We meet at Spencer House, a beautiful 18th-century townhouse in central London’s St James’s, though he’s quick to point out that SJP only has a few rooms in the building and is moving to new offices in Paddington in the spring. The head office is located in a modern office in Cirencester.
SJP, which provides £143 billion in investment for 868,000 clients, was co-founded in 1991 by Lord Jacob Rothschild, who has a lease with Spencer House. The company has more than 4,600 independent advisors.
The share price is down about a third this year and assets under management fell in the first half due to reversals in global markets, but new business has been strong with over £9bn of net new investment from clients.
The company was caught in a hodgepodge of bad publicity a few years ago after revelations about lavish rewards, including cruises and gold cufflinks, being scooped up to its partners as incentives to boost sales.
After a review, the rewards and perks were revised and Manduca says the generosity is a thing of the past.
“We don’t do cruises and we don’t give cufflinks anymore,” he says, admitting they “probably took too long.” SJP also drew controversy for using disgraced former fund guru Neil Woodford to manage £3bn worth of assets for its clients.
However, it had banned Woodford from making risky bets with his clients’ money, and dumped him before the collapse in 2019, saying none of his clients have lost.
Indebtedness: Morrisons lost its place in the Big Four UK supermarkets alongside Asda, Tesco and Sainsbury’s this year when it was passed over by Aldi
Manduca argues that the perception that SJP charges high fees is incorrect: ‘The average customer pays about 2.2 percent and you cannot compare our advice with robo advice or platforms, it is completely different.
‘Look at our customer retention, which is about 97 percent.
The average length of a relationship [between a customer and an adviser] is 14 years old.’
One of his biggest concerns is that people need financial advice and don’t always get it. SJP focuses on the well-to-do, with a target audience of those with £50,000 to £5 million to invest – but those with less money often find it difficult to find good advice.
‘It starts with financial education, which we haven’t been very good at in schools.
‘Many well-educated people don’t know what an ISA is. Earn it, save it, invest it. These are the principles we must convey.’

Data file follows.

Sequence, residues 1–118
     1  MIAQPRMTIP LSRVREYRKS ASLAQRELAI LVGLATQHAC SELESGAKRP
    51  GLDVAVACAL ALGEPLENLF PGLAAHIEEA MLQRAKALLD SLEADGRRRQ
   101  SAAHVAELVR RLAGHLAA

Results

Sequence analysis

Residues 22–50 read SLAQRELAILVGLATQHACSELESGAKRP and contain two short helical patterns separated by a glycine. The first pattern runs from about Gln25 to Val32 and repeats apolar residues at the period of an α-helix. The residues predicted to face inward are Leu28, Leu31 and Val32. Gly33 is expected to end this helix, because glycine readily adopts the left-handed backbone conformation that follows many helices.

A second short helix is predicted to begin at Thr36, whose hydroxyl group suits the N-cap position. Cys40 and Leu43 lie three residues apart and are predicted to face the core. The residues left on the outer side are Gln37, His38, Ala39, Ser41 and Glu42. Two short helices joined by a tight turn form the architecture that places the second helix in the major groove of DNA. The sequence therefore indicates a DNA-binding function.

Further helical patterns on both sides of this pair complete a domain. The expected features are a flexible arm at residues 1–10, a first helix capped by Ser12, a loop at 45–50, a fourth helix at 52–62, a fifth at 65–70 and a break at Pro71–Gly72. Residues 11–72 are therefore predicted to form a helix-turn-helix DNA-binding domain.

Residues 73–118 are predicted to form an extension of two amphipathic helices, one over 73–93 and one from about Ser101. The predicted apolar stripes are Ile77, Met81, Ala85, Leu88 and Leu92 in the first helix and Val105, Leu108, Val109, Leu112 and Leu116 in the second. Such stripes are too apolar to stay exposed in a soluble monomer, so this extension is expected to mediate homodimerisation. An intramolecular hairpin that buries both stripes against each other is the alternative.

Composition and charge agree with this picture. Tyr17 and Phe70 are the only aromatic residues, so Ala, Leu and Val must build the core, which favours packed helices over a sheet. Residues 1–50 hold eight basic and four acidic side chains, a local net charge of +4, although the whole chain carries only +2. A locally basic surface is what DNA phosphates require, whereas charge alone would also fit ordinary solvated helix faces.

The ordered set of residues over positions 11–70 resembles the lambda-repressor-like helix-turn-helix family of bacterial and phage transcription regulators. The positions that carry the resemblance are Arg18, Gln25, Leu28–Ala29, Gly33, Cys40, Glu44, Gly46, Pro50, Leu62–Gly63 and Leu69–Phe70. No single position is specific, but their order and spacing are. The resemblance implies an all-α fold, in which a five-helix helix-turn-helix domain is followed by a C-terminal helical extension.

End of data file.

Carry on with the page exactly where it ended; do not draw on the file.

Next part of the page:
Does Manduca think that the aspiring middle class in the UK, which is part of SJP’s customer base, has been unfairly targeted by Jeremy Hunt’s recent budget?
And is the survival of the middle class threatened by rising inflation, especially for expenses such as school fees?
“There is a huge savings gap,” he says. “I suspect that the real estate market has saved a lot of people, who have downsized.
“If house prices were to fall – unlikely because of the housing shortage – but if they did fall, then you really have a problem.”
On the budget side, he says: ‘We’re in a very tight corner in the UK. We have huge expenditures on public services, especially health care. No one quite understands why there hasn’t been more recovery in the UK in terms of people going back to work.
‘You have to go to the people with money, so the budget was inevitable.’
So far, he says, there are no signs of customers withdrawing or cutting back on their savings, though they are seeking more advice.
Married to Ursula, an ophthalmologist on Harley Street and with two adult sons, Manduca, entering his eighth decade, has a schedule that would be demanding at any age.
He wakes up around 6:30 a.m., quickly grabs a bowl of cereal, and sits down at his desk at SJP around 7:30 a.m. to begin a round of meetings, often followed by a work dinner in the evening.
“I’ve enjoyed working my whole career, but I always want to feel like I’m adding value,” he says.
He tells of an encounter years ago in Chicago with a merchant who said, “You know, every day I get up, look in the mirror and say, ‘Are YOU adding value?’ and says, ‘It’s funny, but I’ve never forgotten that. I think chairmen should sometimes ask themselves: ‘Am I something to add?’